The Ladas were the indisputable style, prestige and comfort leader in cities, especially its top versions (2106 and 2103). Due to their requirements for higher quality oils, antifreeze instead of water, and less serviceable parts and assemblies, they were viewed with suspicion by the rural and out of big city folk. Parts were expensive and very hard to come by too. Funnily enough, the earliest batches assembled in 1970-1973 using Italian parts had the best reputation. Speaks volumes about the average quality then.
The second largest was Moskvich with its two factories, one in Moscow (AZLK) and one in Izhevsk (Izh). Both produced what was virtually the same car from the mid 60’s (M-408/412). While Moscow’s version was updated in 1977 to become 2140, it only came in 2 body styles (a sedan and a station wagon). Meanwhile Izh made a sedan, two trucklets and a 5-door hatchback with some faint hues of Renault-14 about it.
The truck with a tall canopy was often called a “boot heel”. Strong and durable, if narrow, noisy and feeling very antiquated on the road, Moskviches were an easier buy (shorter wait times and cheaper). They were mostly favored by those who had to regularly endure poor roads or haul lots of stuff.
For those in the know, the Izh was much more popular for its higher quality, because of the military origins of its assembly plant and the workforce. Interestingly, the M-412 engine was heavily influenced with the BMW designs of the early 60’s. Due to their durability and low cost, in later years it became popular with the builders of lightweight aircraft.
The less fortunate ones had to go with the ZAZ, or Zaporozhets. It was an air-cooled rear-engined contraption, that filled streets with an unmistakable cacophony of loud racket and air cooler whine. The common joke was that it took only a few minutes of shame, but you’d get there. Its earliest iteration closely resembled FIAT-600, was commonly known as a “humpback” and widely praised for off-road prowess.
The second generation took styling inspiration from the German NSU-Prinz, but with a bit more favorable proportions. A “jug-eared”, “a loser’s car”, “Zhopo-rozhets” (Assface) – the (nick-)naming nomenclature reflected what little respect that the car had. Were it not for the weeny “power” from the V-4 engines, they would have possessed rather suicidal handling traits. Their model range also included a “handicapped” car, with a bizarre system of levers and pedals to compensate for missing or inoperative limbs.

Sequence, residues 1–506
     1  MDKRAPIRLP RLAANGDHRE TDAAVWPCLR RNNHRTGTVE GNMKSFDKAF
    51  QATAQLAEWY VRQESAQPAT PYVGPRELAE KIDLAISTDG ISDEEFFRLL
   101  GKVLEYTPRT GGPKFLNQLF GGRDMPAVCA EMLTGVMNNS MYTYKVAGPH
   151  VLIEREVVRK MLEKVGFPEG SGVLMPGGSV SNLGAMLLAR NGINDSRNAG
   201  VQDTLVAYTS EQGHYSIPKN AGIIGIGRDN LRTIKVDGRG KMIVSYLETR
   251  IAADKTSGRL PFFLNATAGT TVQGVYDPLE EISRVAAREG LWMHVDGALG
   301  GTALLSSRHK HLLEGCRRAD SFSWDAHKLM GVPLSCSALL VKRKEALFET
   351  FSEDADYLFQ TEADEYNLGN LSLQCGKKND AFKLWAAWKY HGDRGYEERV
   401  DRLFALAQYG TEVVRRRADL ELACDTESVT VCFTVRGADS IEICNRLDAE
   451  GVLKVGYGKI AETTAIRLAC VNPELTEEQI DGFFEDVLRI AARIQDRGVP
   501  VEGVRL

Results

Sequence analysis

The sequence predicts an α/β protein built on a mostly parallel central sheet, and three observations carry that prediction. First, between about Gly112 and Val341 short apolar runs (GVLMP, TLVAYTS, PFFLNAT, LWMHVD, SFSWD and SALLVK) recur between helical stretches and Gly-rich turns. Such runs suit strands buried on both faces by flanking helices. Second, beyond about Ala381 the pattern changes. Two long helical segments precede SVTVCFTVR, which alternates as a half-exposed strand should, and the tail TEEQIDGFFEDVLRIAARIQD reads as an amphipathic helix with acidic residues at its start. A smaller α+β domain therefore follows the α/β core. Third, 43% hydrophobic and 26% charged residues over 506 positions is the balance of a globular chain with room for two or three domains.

And finally the queen of the road, the Volga. Nothing shouted louder that you made it than having and driving one. No other domestic car attracted more envy from the fellow citizens. The appearance of the first one, GAZ-21, was inspired by the 1952 Ford Mainline, but mechanicals could not be more different. Introduced in the middle 50’s, it was theoretically available and affordable to the plebs. My dad, then a junior engineer, nearly bought one, while his colleague did and drove it for 40 years and almost 1 million miles.
The second one, GAZ 24, came out around 1969-70 and looked like an almost attractive concoction of several styling themes. To be able to buy one legally, you had to be either a director of a manufacturing plant, be a distinguished artist or some such, or win a lottery. Another chance to buy a Volga was working abroad for several years at a Soviet diplomatic or trade mission.
A layman with unbearable urge to own a Volga could only satiate the lasting by buying a retired one off a taxi or governmental fleet. For that though, you had to have formidable welding, bodywork and mechanical skills, as well as access to all parts, because those cars would be in a very sad state.
Also, over the years, a handful of Volgas were built as KGB pursuit cars, with truck V8 engines and 3-speed autos.
Other vehicles, like Chaika limousines, UAZ off-roaders and all trucks and minibuses, were unavailable to the general public, so I will not mention them here.
In part two we will look at some day-to-day trivia that an average car owner had to deal with in the USSR, like getting gas, parking, servicing, etc.